Genomic arrangement of salinity tolerance QTLs in salmonids: A comparative analysis of Atlantic salmon (Salmo salar) with Arctic charr (Salvelinus alpinus) and rainbow trout (Oncorhynchus mykiss)
- Joseph D Norman†1Email author,
- Mike Robinson†1, 2,
- Brian Glebe3,
- Moira M Ferguson1 and
- Roy G Danzmann1
© Norman et al.; licensee BioMed Central Ltd. 2012
Received: 24 November 2011
Accepted: 16 August 2012
Published: 24 August 2012
Quantitative trait locus (QTL) studies show that variation in salinity tolerance in Arctic charr and rainbow trout has a genetic basis, even though both these species have low to moderate salinity tolerance capacities. QTL were observed to localize to homologous linkage group segments within putative chromosomal regions possessing multiple candidate genes. We compared salinity tolerance QTL in rainbow trout and Arctic charr to those detected in a higher salinity tolerant species, Atlantic salmon. The highly derived karyotype of Atlantic salmon allows for the assessment of whether disparity in salinity tolerance in salmonids is associated with differences in genetic architecture. To facilitate these comparisons, we examined the genomic synteny patterns of key candidate genes in the other model teleost fishes that have experienced three whole-genome duplication (3R) events which preceded a fourth (4R) whole genome duplication event common to all salmonid species.
Nine linkage groups contained chromosome-wide significant QTL (AS-2, -4p, -4q, -5, -9, -12p, -12q, -14q -17q, -22, and −23), while a single genome-wide significant QTL was located on AS-4q. Salmonid genomes shared the greatest marker homology with the genome of three-spined stickleback. All linkage group arms in Atlantic salmon were syntenic with at least one stickleback chromosome, while 18 arms had multiple affinities. Arm fusions in Atlantic salmon were often between multiple regions bearing salinity tolerance QTL. Nine linkage groups in Arctic charr and six linkage group arms in rainbow trout currently have no synteny alignments with stickleback chromosomes, while eight rainbow trout linkage group arms were syntenic with multiple stickleback chromosomes. Rearrangements in the stickleback lineage involving fusions of ancestral arm segments could account for the 21 chromosome pairs observed in the stickleback karyotype.
Salinity tolerance in salmonids from three genera is to some extent controlled by the same loci. Synteny between QTL in salmonids and candidate genes in stickleback suggests genetic variation at candidate gene loci could affect salinity tolerance in all three salmonids investigated. Candidate genes often occur in pairs on chromosomes, and synteny patterns indicate these pairs are generally conserved in 2R, 3R, and 4R genomes. Synteny maps also suggest that the Atlantic salmon genome contains three larger syntenic combinations of candidate genes that are not evident in any of the other 2R, 3R, or 4R genomes examined. These larger synteny tracts appear to have resulted from ancestral arm fusions that occurred in the Atlantic salmon ancestor. We hypothesize that the superior hypo-osmoregulatory efficiency that is characteristic of Atlantic salmon may be related to these clusters.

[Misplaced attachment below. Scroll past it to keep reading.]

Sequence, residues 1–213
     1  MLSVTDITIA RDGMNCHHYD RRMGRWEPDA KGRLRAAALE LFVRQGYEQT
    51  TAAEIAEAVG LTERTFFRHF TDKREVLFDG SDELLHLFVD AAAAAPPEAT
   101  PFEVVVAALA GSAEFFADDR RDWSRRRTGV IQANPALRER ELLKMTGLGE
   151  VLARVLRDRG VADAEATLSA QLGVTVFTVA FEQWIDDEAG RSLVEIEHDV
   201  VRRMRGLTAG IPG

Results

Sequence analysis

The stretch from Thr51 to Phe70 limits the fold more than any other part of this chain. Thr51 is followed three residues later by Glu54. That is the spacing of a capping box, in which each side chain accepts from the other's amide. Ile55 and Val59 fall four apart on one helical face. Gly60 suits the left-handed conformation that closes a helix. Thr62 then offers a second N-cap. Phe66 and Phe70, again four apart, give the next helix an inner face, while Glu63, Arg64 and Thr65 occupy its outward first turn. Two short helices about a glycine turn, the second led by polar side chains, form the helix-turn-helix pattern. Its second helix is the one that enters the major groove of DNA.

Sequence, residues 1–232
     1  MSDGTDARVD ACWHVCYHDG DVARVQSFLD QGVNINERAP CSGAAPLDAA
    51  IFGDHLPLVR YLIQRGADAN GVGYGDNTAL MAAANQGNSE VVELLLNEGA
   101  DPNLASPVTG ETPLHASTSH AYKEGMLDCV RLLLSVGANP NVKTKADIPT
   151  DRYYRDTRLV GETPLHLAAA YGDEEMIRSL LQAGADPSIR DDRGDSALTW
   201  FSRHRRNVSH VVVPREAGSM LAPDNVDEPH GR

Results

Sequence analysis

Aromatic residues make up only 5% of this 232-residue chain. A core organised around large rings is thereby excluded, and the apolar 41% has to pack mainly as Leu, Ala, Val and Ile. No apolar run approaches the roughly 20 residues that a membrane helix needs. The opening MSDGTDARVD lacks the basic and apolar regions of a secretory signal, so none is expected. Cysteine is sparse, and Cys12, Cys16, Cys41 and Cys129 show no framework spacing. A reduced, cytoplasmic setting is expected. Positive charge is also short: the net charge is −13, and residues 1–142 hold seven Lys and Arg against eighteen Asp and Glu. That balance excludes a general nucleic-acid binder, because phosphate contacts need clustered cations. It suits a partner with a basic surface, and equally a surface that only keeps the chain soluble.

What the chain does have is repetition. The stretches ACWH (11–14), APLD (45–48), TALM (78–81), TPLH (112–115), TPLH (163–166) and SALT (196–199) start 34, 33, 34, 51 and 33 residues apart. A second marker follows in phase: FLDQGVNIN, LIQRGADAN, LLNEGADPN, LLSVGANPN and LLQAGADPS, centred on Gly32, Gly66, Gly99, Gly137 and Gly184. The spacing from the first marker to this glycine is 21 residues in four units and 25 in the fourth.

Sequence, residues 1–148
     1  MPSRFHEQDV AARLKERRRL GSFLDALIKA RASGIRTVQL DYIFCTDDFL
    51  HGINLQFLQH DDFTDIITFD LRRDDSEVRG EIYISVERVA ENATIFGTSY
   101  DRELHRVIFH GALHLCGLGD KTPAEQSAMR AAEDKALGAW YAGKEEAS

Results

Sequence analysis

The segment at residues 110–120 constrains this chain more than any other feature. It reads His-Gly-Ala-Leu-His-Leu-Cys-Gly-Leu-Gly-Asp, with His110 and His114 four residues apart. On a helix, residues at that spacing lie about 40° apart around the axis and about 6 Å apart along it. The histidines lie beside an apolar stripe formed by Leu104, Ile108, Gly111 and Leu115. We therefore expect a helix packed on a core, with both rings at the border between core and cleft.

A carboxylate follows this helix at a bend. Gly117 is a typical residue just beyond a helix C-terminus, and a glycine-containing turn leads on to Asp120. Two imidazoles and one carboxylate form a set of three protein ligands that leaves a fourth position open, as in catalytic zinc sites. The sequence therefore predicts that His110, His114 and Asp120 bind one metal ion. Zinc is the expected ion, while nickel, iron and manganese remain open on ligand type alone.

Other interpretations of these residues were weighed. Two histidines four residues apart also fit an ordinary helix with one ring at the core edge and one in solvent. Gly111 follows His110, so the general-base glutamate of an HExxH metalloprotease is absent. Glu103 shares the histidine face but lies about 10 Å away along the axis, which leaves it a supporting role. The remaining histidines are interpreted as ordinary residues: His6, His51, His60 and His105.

KeywordsAtlantic salmon Arctic charr Rainbow trout Salinity tolerance Genome rearrangements Whole-genome duplications Genome synteny Candidate genes Teleost fishes
The life history of anadromous salmonids entails movements between freshwater and seawater environments. To cope with the physiological demands associated with such behaviour, salmonids and other teleosts have evolved the capacity to change their ionoregulatory condition by altering states of ion uptake (hyper-osmoregulation) and excretion (hypo-osmoregulation). In teleosts, mitochondria-rich cells are located in the epithelial layer of fish gill tissue and play a major role in hypo-osmoregulation. The molecular mechanisms within and around mitochondria-rich cells function together to facilitate the removal of Na+ and Cl- from blood plasma and are an integral part of the mitochondria-rich cell model. Active exchange of cytoplasmic Na+ with intercellular K+ by Na+/K+-ATPase pumps maintains an electrochemical gradient sufficient to move intercellular Cl- across the basolateral membrane and into the cell via Na+/K+/2Cl- (NKCC) cotransporters. Cl- exits the cell across the apical membrane through embedded cystic fibrosis transmembrane conductance regulator-like anion channels (CFTR). Intercellular Na+ is secreted through leaky cation-selective paracellular pores between accessory cells and mitochondria-rich cells[1, 2], where variation in permeability rates are thought to be a function of claudin isoform type[3, 4].
Several genes that are not part of the current mitochondria-rich cell model are also involved in the hypo-osmoregulatory process. Insulin-like growth factor 2 (IGF2) transcription is positively correlated with elevated salinity tolerance. Growth hormone (GH) levels also regulate this balance, as illustrated by GH injections that correlate with a rapid increase in salinity tolerance capacity. Such short-term effects could be related to changes in gill tissue cell structure, as GH has been connected with seawater-induced mitochondria-rich cell hyperplasia and hypertrophy[8, 9]. Moreover, Atlantic salmon smolts (i.e., fish prepared for seawater) have larger relative gill weights compared to non-smolts (i.e., fish prepared for freshwater) of equal size, which suggests that smoltification-induced changes in cell structure may be reflected by changes in gill weight. The localization of salinity tolerance QTL in multiple species to linkage groups where GH (i.e., on RT-9q & AC-20) and IGF2 are mapped (i.e., on RT-27 & AC-4/19)[11–15] is consistent with the hypothesis that allelic variation at the loci encoding these hormones exerts significant affects on hypo-osmoregulatory capacity. Unsurprisingly, growth hormone receptor (GHR), which modulates tissue-specific activity of GH, is upregulated concurrently with elevated salinity and the onset of smoltification in rainbow trout and Atlantic salmon, respectively[17, 18]. Collagen type I alpha I (COL1A1), secreted protein acidic and rich in cysteine (SPARC), and calcium-sensing receptors (CaSR) are also upregulated in Atlantic salmon smolts. COL1A1 appears to be involved in the composition of the extracellular matrix and arch formation of fish gills, while SPARC has been associated with tissue remodelling. By binding to structural proteins such as collagen type I, SPARC regulates cellular interactions with the extracellular matrix. Lastly, calcium-sensing receptors (CaSR) are thought to act as osmosensors by sending regulatory signals in response to elevated plasma ion concentrations.